KPIs: Use ’em and Lose ’em

Key Performance Indicators (KPIs) are a hallmark of business practice.  They should help us manage our business and drive improved performance.  But KPIs are tools to achieve our goals, not the goals themselves. Many struggle with how to choose the right ones, and there are some good guidelines out there. It’s just as important to determine what level of detail is appropriate and how to say goodbye.

A KPI has to be meaningful to the person being held accountable.  There should be a direct link to the business and strategic plans for our organization. We should always know how our work adds value, and it’s particularly important when determining KPIs.  One way to figure that out it to use a KPI tree. Start with the strategic business objectives and work down into the details. The level of KPI we care about should be the same as the level of the business you can impact. It’s demotivating to be held accountable for ones not in our control.

We can’t track everything.  KPIs should reflect what is important right now. “Right now” can mean the time horizon that the strategic objective is valid, but KPIs can change as progess towards to the objective is achieved. Consider:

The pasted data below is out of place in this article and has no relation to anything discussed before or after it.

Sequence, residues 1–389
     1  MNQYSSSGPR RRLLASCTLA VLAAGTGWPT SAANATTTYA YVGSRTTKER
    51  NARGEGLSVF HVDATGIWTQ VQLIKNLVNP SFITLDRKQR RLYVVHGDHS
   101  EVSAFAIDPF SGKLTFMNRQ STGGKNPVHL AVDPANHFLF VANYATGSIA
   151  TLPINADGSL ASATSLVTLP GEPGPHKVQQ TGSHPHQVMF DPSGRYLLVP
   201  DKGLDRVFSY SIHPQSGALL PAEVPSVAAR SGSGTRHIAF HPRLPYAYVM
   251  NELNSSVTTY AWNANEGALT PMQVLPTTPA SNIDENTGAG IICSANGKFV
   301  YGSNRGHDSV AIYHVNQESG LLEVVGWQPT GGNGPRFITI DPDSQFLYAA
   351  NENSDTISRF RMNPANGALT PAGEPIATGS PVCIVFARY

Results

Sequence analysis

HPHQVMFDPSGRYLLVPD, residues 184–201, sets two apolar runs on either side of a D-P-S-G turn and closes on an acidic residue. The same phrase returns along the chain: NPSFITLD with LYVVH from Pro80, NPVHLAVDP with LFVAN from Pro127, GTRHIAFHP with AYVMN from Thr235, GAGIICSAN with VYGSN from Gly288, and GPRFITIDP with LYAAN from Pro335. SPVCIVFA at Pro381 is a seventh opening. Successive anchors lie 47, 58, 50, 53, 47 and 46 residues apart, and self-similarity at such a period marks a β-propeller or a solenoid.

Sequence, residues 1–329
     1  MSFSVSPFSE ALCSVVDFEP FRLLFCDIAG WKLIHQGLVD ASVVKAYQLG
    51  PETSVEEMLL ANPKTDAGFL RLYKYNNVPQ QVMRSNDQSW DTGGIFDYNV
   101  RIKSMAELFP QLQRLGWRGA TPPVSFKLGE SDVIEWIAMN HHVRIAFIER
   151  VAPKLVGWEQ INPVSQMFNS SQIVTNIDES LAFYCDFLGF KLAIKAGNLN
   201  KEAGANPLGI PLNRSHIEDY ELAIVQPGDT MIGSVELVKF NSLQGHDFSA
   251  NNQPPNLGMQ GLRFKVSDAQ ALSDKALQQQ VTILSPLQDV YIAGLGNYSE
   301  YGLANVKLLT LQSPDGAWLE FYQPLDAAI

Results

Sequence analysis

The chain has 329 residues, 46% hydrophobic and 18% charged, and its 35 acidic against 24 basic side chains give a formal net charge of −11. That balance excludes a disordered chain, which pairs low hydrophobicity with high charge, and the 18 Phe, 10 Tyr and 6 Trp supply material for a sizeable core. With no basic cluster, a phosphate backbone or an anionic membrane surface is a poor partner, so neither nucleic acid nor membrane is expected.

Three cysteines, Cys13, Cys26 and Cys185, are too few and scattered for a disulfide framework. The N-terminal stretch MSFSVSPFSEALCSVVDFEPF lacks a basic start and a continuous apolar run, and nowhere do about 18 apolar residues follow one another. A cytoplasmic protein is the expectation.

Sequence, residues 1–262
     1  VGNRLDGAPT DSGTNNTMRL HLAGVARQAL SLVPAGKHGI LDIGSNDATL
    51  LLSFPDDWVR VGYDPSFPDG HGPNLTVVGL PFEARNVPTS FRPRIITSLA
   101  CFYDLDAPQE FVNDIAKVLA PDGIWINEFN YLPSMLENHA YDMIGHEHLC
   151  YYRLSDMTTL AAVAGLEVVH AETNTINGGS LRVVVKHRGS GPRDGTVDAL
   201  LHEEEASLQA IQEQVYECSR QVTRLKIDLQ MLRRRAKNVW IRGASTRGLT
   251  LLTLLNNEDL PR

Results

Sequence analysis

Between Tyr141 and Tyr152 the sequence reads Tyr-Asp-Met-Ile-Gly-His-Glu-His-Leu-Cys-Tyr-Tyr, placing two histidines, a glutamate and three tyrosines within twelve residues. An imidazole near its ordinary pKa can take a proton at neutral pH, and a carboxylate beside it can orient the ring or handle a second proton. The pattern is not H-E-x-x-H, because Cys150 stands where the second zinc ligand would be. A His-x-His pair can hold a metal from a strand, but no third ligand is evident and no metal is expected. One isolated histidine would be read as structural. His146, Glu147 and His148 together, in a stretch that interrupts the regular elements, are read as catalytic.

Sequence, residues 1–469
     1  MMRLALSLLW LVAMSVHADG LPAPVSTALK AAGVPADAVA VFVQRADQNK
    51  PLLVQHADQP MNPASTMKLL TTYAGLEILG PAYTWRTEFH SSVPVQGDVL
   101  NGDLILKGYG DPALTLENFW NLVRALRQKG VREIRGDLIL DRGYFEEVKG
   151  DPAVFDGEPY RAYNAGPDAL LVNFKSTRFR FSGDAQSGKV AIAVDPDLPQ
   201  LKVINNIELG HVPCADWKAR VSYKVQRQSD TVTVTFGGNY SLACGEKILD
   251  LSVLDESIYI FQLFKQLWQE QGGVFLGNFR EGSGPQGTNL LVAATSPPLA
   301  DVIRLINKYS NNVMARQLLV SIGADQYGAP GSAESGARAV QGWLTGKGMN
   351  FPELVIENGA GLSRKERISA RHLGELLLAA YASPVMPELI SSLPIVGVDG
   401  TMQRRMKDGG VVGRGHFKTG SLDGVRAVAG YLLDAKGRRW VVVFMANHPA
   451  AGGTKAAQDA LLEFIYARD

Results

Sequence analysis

• How we communicate KPIs and their link to performance will make the difference whether we are successful. 
  • Too many KPIs and we become over-saturated and don’t know what to work towards.  Maybe we have too many strategic priorites (which means they are not sufficiently strategic). Maybe we can’t let go of old KPIs because they feel comfortable and successful. 
  • The effort that goes into to tracking it. Is it worth the effort, or would we be better off using that energy to make progress? 
  • Who needs to know? (see above for what we can control)

A organization’s KPI is “tons of steel per year.” An Operations shift may have KPIs for safety, quality, etc. Tracking OEE might give us insight into what to work on, a way to focus some effort. But it won’t fundamentally change what our business is about. It’s an enabler and should be treated as such. Maybe that’s why we struggle.  

When priorities change, so should KPIs.  We can’t change priorities every day, nothing would ever get done. But don’t invent useless or noise-generating KPIs, and don’t cling to ones that are out-of-date.

How do you manage KPIs in your organizaion?  Do you struggle with any of the items above?  What would you change?

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Steph Holko

Reliability Engineer in Steelmaking. I love the business and the process. I'm working to inspire others to care about the details. Novice runner, environmentalist, supporter of kids in STEM.

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